67-3 Friday, Jan. 5 14:00 - 14:15 Leaping larvae: hydrostatic jumpers at the mm-scale FARLEY, GM*; HARRISON, JS; WISE, MJ; SUTTON, GP; PATEK, SN; Duke University; Duke University; Roanoke College; University of Bristol; Duke University email@example.com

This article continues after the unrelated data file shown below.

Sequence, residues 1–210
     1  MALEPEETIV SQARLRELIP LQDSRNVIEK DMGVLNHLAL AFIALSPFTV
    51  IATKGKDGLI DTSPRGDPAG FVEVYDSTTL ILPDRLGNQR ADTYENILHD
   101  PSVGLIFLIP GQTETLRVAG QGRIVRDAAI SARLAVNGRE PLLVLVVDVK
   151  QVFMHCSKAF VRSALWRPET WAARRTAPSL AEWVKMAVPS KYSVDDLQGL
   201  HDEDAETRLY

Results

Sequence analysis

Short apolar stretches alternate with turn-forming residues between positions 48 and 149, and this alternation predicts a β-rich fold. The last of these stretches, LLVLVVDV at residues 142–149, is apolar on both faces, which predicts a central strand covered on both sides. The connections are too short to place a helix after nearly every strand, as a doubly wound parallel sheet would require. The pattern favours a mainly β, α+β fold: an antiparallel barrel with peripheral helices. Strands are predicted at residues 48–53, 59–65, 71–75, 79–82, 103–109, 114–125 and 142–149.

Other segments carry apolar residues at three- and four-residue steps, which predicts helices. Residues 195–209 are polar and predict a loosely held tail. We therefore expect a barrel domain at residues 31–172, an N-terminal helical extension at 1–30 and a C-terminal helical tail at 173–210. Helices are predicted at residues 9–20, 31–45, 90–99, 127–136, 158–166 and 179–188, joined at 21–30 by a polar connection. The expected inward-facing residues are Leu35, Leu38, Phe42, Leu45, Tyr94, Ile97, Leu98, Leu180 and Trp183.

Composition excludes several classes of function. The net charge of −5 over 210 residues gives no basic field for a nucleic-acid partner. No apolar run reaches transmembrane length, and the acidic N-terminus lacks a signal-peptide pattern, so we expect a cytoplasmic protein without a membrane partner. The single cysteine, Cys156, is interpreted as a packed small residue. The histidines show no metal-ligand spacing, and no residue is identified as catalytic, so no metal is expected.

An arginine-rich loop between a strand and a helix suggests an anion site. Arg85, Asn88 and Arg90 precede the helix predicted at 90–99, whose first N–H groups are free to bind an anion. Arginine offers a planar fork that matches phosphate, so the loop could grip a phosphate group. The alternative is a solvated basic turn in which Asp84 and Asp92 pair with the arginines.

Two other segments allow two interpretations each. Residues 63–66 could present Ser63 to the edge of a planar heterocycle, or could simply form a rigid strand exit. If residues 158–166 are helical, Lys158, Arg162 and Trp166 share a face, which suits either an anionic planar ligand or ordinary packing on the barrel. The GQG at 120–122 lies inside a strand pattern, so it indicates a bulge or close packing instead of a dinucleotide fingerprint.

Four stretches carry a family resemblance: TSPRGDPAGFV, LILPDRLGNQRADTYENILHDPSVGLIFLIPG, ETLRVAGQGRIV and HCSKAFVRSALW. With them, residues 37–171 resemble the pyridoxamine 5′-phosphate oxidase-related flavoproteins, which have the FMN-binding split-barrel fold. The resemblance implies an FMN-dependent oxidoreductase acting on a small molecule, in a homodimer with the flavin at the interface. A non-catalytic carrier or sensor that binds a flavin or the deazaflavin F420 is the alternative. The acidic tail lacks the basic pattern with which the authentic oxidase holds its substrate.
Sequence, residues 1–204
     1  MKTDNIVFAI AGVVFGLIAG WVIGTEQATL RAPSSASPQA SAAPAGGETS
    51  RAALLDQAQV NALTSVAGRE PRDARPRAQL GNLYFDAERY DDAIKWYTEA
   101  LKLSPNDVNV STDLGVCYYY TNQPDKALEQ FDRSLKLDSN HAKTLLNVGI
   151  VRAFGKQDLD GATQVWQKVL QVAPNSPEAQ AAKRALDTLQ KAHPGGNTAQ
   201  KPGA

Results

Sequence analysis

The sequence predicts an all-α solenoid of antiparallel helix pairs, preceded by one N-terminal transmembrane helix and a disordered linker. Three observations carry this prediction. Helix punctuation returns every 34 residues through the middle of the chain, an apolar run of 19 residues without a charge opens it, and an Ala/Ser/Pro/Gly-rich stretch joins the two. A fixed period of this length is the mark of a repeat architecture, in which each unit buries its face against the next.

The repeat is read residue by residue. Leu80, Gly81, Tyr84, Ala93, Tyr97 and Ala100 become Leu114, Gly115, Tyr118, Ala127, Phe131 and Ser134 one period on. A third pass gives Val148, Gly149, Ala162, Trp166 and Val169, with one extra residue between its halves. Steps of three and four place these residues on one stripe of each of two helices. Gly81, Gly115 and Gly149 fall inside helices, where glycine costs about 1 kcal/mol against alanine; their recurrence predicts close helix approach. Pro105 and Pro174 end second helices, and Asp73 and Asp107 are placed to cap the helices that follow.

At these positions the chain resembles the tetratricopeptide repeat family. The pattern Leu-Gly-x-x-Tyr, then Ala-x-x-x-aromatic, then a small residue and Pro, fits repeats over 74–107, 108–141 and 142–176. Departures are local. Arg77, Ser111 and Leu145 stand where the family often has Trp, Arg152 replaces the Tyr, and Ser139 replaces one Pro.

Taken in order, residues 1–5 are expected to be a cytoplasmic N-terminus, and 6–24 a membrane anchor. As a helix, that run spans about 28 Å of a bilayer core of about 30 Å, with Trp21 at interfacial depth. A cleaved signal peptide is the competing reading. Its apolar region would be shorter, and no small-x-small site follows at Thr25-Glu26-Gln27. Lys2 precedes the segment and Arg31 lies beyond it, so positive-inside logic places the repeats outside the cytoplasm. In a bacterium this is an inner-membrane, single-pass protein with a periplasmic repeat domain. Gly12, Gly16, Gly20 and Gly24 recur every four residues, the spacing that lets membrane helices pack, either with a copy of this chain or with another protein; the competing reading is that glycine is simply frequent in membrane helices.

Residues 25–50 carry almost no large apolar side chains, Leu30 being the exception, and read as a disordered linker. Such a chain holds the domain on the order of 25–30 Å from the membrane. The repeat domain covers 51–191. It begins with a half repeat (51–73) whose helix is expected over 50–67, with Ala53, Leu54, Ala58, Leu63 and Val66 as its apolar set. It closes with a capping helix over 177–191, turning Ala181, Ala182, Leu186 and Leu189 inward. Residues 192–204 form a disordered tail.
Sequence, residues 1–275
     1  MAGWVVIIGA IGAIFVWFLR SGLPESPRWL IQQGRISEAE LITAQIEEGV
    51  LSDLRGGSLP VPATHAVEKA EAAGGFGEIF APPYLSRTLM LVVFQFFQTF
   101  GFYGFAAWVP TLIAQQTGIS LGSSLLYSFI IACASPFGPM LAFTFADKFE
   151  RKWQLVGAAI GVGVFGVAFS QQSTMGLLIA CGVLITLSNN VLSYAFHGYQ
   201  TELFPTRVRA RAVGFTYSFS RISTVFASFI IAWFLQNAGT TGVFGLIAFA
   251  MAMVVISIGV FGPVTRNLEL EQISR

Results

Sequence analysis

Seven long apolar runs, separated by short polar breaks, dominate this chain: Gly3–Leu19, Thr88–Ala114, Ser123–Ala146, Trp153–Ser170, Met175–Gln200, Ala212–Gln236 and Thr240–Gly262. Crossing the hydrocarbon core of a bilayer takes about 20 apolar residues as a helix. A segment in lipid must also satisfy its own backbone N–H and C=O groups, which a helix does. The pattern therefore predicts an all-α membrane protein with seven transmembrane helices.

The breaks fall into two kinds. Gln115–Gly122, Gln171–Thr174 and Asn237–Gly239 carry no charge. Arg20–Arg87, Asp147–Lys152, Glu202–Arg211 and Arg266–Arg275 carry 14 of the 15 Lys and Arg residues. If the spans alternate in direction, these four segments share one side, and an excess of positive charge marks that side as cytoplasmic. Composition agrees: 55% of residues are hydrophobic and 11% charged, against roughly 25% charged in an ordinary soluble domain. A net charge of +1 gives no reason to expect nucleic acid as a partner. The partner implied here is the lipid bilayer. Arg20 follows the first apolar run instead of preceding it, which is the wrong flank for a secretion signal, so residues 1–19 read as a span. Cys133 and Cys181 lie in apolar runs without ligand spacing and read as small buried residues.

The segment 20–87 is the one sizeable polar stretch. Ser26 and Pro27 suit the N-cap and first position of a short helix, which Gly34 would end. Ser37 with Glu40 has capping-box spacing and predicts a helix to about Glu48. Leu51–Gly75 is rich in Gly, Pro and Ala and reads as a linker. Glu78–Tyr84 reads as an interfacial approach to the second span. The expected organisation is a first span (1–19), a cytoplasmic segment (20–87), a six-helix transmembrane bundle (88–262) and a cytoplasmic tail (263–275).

The elastic jumps of small insects are typically powered by elongate legs and accessory elastic structures; however, in earlier stages of development, many insect larvae have worm-like bodies without legs, potentially limiting their ability to disperse or escape predation. Here we present a kinematic and energetic analysis of a larval insect that can jump effectively without the use of legs and that instead uses hydrostatic control to launch itself into the air. We studied gall midge larvae (Cecidomyiidae: Asphondylia sp.) that form galls within the silverrod, Solidago bicolor. The midge larvae express this capability during only the final (third) instar within the gall. When extracted from the gall, they coil their body, brace their mouthparts against the tail, hydrostatically load their small bodies and then jump. During this process, a transient launching “leg” is formed from an otherwise worm-like body form. We analyzed the kinematics of their jumps off of a hard substrate (14 animals, 42 jumps, 1-7 jumps per individual). They accelerated on the order of 104 m/s2, with an average velocity of 1.1 m/s which is equivalent to approximately 350 body lengths/s. They traveled a horizontal distance of an average 27 body lengths and up to 40 body lengths. Our theoretical models suggest that environmental losses, such as drag, reduced jump distance dramatically in addition to energetic losses due to rapid body spinning. Surprisingly, our kinematic results align these small hydrostatic jumpers with the capabilities of the renowned elastic, legged jumps of fleas.